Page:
17 Year Old Patient to Raise $100,000 for St. Jude Children's Research Hospital and September's Childhood Cancer Awareness Month

St. Jude patient Adam of "Adam's Army"

Four of the most heart wrenching and devastating words a parents will ever hear is "Your child has cancer," and it was not too many years ago that a diagnosis of childhood leukemia was one that came without hope, and a survival rate of below 20%. But thanks to the tireless efforts of the researches and doctors at St. Jude Children's Research Hospital, the survival rate for ALL (acute lymphoblastic leukemia) is now over 94%. And nobody is happier about that than 17 year old Adam.

Adam was diagnosed with ALL at age 17, underwent treatment at St. Jude, and is currently in remission. But soon after beginning treatment, doctors discovered Adam was allergic to one of the drugs in his chemotherapy regiment. The alternative came at the very steep price of $30,000 per dose, and Adam would need 72 doses. Though his treatment cost would now total over $2 million dollars, St. Jude doctors didn't hesitate, and like all children being treated at St. Jude, Adam's family will never receive a bill for the cost of medical care, treatments, housing, or food.

September is Childhood Cancer Awareness Month and Adam has set a goal to raise $100,000 to give back to the place that is giving him both hope and a future. He has created Adam's Army, a collection of run/walk teams across the country, that will be raising money and participating in the annual St. Jude Walk/Run event in late September. "If I can spread hope and give back through events like the walk/run, then I can ensure that other families at St. Jude have the same hope I have." he says. And Rick Shadyac, CEO of ALSAC, the fundraising and awareness organization of St. Jude, agrees. "Our young people today, including patients like Adam, are part of the most philanthropic generation I have ever seen. They have a fundamental drive to help others, and have outlets like social media in which to do so successfully." he said. Shadyac also hopes the Run/Walk and other awareness efforts during childhood cancer awareness month will continue to educate people on how underfunded childhood cancer research is. "Despite statistics that tell us childhood cancer is the leading cause of death among young people, and is the most expensive cancer to treat, research remains underfunded for it." That is where St. Jude comes in. Thanks to its generous supporters, St. Jude spends ten times the amount the federal government does on pediatric cancer research.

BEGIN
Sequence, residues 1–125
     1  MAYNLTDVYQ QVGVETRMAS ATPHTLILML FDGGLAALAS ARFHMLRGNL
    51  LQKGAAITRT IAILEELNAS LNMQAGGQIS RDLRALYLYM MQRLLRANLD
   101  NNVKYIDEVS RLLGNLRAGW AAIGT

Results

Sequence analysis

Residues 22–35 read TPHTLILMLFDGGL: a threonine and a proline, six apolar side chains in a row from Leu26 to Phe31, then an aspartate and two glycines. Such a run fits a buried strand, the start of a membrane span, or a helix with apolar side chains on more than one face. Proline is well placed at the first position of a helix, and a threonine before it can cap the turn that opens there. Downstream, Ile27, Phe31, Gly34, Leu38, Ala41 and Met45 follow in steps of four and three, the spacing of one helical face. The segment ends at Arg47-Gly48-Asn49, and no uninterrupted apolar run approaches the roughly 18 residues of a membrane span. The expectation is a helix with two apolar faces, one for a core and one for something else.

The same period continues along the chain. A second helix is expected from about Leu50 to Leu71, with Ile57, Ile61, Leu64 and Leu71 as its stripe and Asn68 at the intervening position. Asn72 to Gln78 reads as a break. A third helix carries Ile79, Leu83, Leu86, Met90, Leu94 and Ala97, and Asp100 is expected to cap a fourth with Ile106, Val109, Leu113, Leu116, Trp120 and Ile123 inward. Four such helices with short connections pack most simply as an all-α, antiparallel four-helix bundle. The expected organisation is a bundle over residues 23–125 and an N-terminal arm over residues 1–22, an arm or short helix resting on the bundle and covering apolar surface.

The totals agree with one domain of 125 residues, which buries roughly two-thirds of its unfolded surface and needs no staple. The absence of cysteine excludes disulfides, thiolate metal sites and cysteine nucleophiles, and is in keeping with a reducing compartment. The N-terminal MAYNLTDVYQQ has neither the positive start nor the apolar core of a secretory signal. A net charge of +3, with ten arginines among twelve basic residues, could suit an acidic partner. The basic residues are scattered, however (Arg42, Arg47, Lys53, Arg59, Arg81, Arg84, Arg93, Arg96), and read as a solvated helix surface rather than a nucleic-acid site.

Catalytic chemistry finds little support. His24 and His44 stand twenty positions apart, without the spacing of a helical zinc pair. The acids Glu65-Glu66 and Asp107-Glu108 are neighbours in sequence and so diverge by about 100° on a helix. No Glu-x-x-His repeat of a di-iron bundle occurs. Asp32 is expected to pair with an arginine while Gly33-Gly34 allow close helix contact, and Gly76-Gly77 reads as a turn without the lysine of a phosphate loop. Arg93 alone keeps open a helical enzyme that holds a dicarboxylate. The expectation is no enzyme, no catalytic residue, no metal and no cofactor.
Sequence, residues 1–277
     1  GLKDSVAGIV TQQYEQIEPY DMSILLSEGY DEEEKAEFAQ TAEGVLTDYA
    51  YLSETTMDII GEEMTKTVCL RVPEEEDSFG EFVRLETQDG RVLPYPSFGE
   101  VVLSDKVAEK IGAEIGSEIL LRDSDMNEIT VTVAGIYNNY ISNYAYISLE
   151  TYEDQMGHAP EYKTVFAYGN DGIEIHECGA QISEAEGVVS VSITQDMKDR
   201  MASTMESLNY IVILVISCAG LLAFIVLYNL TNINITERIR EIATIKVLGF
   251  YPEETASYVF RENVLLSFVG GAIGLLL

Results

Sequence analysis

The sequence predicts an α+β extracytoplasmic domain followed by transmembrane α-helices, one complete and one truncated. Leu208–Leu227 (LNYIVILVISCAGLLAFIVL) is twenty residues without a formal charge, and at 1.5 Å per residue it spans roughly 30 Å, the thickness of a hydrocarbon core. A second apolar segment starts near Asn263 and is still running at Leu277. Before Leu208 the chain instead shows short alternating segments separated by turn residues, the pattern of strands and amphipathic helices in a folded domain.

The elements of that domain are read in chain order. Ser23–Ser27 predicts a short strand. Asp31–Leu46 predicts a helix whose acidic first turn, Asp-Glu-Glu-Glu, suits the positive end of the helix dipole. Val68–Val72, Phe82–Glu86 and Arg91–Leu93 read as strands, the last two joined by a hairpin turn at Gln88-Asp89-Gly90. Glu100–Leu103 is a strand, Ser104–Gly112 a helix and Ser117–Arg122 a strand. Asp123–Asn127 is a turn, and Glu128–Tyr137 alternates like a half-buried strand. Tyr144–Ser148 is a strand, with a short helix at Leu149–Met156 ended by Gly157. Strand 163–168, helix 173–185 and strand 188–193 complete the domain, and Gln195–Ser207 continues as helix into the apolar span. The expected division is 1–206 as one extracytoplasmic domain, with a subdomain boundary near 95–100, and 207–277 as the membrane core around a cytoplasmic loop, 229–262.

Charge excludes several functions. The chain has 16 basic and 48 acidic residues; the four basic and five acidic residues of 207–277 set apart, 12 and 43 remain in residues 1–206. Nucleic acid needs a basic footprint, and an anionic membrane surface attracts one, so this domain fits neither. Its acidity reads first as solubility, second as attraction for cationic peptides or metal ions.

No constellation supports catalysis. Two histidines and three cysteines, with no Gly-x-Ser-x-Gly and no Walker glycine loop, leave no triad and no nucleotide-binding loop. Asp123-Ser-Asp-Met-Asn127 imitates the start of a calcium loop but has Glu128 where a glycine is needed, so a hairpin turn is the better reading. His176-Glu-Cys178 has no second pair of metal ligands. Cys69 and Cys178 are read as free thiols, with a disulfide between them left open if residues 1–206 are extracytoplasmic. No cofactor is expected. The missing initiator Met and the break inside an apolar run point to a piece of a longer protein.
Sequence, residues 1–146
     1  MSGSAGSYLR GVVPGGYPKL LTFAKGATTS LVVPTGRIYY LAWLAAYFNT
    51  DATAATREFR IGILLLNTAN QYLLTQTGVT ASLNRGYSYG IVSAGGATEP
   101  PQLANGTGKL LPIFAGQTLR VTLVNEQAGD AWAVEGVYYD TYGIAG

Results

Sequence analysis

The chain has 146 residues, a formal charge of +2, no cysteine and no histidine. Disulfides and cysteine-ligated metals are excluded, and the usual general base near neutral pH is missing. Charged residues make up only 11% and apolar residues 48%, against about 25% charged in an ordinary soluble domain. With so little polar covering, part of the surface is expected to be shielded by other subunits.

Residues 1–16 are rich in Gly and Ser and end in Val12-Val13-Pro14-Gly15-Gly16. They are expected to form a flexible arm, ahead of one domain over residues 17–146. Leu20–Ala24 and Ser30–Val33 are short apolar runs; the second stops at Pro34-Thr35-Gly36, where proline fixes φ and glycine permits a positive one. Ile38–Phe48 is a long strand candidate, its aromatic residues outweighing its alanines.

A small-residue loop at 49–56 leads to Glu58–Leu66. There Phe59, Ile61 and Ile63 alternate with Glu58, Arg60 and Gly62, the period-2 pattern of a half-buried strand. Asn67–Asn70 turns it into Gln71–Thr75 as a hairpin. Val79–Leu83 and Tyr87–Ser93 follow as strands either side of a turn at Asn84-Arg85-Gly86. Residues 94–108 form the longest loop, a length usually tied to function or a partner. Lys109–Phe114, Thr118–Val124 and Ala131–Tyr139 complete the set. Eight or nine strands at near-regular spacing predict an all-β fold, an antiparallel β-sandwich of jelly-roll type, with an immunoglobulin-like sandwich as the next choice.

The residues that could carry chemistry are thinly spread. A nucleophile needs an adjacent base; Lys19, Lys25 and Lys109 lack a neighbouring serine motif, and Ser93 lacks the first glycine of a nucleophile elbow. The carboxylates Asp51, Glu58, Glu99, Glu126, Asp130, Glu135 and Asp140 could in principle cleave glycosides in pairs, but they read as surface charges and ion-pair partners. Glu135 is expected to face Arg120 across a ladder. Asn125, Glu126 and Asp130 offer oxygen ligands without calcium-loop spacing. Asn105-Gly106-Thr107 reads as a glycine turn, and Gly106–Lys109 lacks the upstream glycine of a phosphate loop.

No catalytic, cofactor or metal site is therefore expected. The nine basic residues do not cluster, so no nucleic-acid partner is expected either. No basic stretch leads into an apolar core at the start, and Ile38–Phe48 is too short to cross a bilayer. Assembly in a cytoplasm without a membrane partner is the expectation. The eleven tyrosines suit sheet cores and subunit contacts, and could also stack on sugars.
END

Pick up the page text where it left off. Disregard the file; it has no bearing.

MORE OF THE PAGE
Though still undergoing treatment, Adam will join his army this month and walk for St. Jude, and then he will start training to run/walk the St. Jude Memphis Half Marathon in December. "I want to give others hope. If I can run for those who can't, if I can inspire others to run for a purpose, then I will." He also plans to one day return to St. Jude as an employee, advocating for pediatric cancer awareness and assisting in the hospital's fundraising efforts. "I can spread hope here." he said.

You can join Adam's Army of Run/Walk teams by visiting his St. Jude fundraising page or find one of 58 walks taking place in a community near you. Create a team, start fundraising, join the fight, and let's find a cure for childhood cancer. Use the hashtag #showyourgold to show your support for Childhood Cancer Awareness month, and plan to walk/run in September at a St. Jude event near you.

Because as St. Jude founder Danny Thomas said, "No child should die in the dawn of life."

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